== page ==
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Two Poems by Rashid Hussein

[1980 Land Day Poster by Abed Abdi. Image from Unknown Archive]

March 30th is Yam al-Ard (Land Day). It marks the general strike and marches organized in Palestinian towns in Israel on that day in 1976 to protest the Israeli government’s expropriation of thousands of dunams of land for “security and settlement purposes.” Six Palestinians were killed in the confrontations. The day and its events marked a turning point in national mobilization and the relationship between Palestinian citizens and the Israeli state. It became an annual day of commemoration for Palestinians everywhere. Rashid Hussein (1936-1977) was born in Musmus, Palestine. He published his first collection in 1957 and established himself as a major Palestinian poet ...

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Memoir and Mythology

Facts aren’t the only thing that should be checked in Three Cups of Tea The recent uproar over Greg Mortenson’s immensely popular nonfiction book Three Cups of Tea: One Man's Mission To Promote Peace... One School at a Time has centered around the question of whether the account is factual, and whether Mortenson is siphoning money from his $20 million-a-year charity, the Central Asia Institute (CAI). Three Cups of Tea is the ostensibly nonfiction narrative of Mortenson’s efforts to build secular ...

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Jadaliyya Launches Culture Section

Today Jadaliyya launches its culture section; an open space for creative, original, and critical texts about culture(s) in Arabic and English. We seek to support cultural expression in a wide variety of sites and contexts, media and genres. To this end, we are interested in contributions dealing with literature, theatre, music, cinema, visual arts and design, photography, TV and Radio, video art, social media and Internet expression.  Here are this week's four ...

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Sultana: A Chapter from a Novel by Ghalib Halasa

Ghalib Halasa was an author of seven novels, two short story collections, and several works of journalism, literary criticism, translation and political analysis. He was born in a Jordanian village near Madaba in 1932 and died in Damascus in 1989. He lived in Baghdad, Cairo, Beirut and Damascus and his work is a powerful example of border-crossing engagement and brilliance. His work has only very rarely been translated. Sultana was first published in 1987 and was Halasa's second to ...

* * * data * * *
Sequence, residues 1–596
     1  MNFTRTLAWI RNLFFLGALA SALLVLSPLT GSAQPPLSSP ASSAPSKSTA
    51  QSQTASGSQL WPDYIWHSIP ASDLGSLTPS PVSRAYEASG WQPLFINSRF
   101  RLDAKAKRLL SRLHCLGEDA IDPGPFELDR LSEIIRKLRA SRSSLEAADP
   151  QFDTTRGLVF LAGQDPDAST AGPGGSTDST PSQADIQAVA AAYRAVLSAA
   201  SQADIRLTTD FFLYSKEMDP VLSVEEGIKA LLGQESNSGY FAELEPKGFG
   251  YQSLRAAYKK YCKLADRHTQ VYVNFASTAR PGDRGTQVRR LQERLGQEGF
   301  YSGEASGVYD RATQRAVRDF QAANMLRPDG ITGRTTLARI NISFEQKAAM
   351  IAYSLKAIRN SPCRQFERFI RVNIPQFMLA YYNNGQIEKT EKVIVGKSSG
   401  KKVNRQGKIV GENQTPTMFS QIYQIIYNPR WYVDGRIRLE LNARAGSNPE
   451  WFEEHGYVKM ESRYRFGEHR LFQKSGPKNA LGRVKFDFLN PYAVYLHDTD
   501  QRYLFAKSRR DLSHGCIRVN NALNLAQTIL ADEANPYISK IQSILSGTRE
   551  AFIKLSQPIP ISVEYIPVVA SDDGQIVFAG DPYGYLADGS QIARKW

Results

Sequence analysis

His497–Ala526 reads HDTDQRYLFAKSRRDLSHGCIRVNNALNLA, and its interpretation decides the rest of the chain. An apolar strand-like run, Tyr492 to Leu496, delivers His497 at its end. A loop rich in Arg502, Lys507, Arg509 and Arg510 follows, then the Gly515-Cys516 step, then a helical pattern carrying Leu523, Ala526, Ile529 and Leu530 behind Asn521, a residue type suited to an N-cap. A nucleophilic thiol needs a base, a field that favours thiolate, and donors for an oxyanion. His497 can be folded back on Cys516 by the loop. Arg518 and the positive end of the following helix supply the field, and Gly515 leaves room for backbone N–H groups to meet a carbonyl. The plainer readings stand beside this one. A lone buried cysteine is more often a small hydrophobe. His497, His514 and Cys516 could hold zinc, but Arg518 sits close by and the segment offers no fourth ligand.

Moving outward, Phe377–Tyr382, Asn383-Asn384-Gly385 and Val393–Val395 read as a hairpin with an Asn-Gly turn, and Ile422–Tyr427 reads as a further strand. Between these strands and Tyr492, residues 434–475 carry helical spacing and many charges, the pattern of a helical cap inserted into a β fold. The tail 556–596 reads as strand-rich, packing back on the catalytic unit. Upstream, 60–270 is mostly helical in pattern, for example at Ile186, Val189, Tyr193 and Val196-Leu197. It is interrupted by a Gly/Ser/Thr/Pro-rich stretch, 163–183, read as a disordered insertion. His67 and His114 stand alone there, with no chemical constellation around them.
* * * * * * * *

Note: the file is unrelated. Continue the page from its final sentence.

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Essential Viewing: Five Tunisian Films from a Postrevolutionary Perspective

It is impossible to watch a Tunisian film today from an exclusively prerevolutionary perspective. The present historical juncture will stealthily thrust itself to center stage. Besides, the value of film does not reside solely in its appropriateness to its own historical moment of production, but equally in its relevance to other, yet to come, historical moments. It becomes highly productive, not to say inevitable, that we rethink postcolonial Tunisian film through the lenses of the revolutionary and now ...

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Urge (to Keep) Going

Urge for Going. By Mona Mansour. Directed by Hal Brooks. Through April 17, Public LAB, The Public Theater, New York, NY. Urge for Going, Mona Mansour’s new work in development, is a coming-of-age story built from the outside in. Her 90-minute play follows Jamila, a seventeen-year-old Palestinian preparing to take the Baccalaureate on the eve of her graduation from a UN school in Beirut, Lebanon. Surrounded by her two uncles, her parents, and her brain-damaged brother, Jul, in a Beirut refugee camp, her ...

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Deposed Tyrants Retirement Home

What is to become of already-deposed dictators? And who will follow? Khalil Bendib portrays some of the issues implicated in these questions and more.